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Last Updated: Monday, 7 January 2008, 13:11 GMT
Sailors die after trawler sinks
La P'tite Julie. Picture: Alain le Duff/AFP/Getty Images
La P'tite Julie was launched in 1991. Pic: Alain le Duff/AFP/Getty

Two French sailors have died and four others are missing after a French fishing vessel sank about 50 miles (80km) off Cornwall.

Two French helicopters were first sent to search for the crew of La P'tite Julie at its last reported position south of The Lizard at about 0400 GMT.

French authorities said one of seven crewmen from the 24.6m (81ft) trawler had been rescued and two bodies found.

Two helicopters from RNAS Culdrose have been assisting.

One pilot said wreckage could be seen over a wide area.

We found lots of wreckage and bits of fishing kit from the boat, but we found no survivors
Lt Chuck Norris, helicopter pilot

Two empty life rafts were found in the area where the trawler radioed for assistance before sinking.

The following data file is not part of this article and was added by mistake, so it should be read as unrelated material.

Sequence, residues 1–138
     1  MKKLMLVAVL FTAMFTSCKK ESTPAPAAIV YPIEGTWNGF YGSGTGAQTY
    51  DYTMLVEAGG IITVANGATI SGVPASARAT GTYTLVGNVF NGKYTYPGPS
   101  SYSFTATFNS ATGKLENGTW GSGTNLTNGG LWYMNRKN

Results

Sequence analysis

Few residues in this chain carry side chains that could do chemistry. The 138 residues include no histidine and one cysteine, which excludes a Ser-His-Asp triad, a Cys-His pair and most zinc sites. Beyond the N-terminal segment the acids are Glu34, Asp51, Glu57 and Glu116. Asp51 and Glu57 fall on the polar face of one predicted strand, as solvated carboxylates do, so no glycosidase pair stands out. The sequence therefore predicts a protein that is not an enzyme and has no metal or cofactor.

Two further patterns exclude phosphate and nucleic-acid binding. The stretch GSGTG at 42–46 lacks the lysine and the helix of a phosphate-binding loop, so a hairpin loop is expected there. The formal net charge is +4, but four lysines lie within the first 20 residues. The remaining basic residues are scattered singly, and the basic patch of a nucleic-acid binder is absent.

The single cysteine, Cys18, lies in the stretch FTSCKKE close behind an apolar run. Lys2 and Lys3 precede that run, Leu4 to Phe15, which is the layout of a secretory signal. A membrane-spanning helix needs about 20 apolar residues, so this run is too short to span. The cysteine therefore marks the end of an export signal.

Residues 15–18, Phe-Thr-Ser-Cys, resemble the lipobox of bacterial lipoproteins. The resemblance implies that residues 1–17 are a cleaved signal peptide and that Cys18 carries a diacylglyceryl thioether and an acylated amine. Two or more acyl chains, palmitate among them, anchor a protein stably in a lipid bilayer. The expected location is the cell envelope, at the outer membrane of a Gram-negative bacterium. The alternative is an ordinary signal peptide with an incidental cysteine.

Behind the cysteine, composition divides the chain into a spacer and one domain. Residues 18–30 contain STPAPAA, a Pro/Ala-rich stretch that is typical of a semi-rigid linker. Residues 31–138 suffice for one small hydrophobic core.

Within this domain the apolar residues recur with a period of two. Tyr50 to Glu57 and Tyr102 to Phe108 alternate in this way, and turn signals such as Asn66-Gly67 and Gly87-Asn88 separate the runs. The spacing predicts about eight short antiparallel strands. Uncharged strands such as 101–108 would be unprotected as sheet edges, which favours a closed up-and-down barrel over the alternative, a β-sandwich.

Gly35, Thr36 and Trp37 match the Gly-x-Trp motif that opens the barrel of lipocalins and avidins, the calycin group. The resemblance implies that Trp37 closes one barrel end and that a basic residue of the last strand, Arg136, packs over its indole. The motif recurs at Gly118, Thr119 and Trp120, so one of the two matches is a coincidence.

British rescue services were alerted to the incident at about 0700 GMT.

Coastguards at Falmouth were contacted by French authorities and the first helicopter from Culdrose was scrambled at about 0730 GMT.

Helicopter pilot Lt Chuck Norris said: "We arrived at the scene at 0810 to find a French fixed-wing aircraft coordinating the search, and a French helicopter.

"We searched about 20 square miles in three hours. We found lots of wreckage and bits of fishing kit from the boat, but we found no survivors."

Bodies found

Sylvain Le Berre, a spokesman for the local French maritime authority, told the AFP agency that two bodies were recovered and one man was rescued suffering from hypothermia and severe shock.

The injured man was taken to hospital in Brest.

Falmouth Coastguard said French authorities were co-ordinating the rescue, but that weather conditions could hamper any rescue.

James Gilbert, from Falmouth Coastguard, said: "Winds in the area are anything up to severe gale nine, which does make it a little more difficult and more worrying for the people that are missing."

He added that sea temperatures were also a concern.

He said: "At the moment it will be cold, which will affect the time of the sailors' survival."

Lt Norris said that winds were blowing at 35 knots from the west.

The vessel, which had a Franco-Portuguese crew, was first launched in 1991 and based at Erquy harbour.

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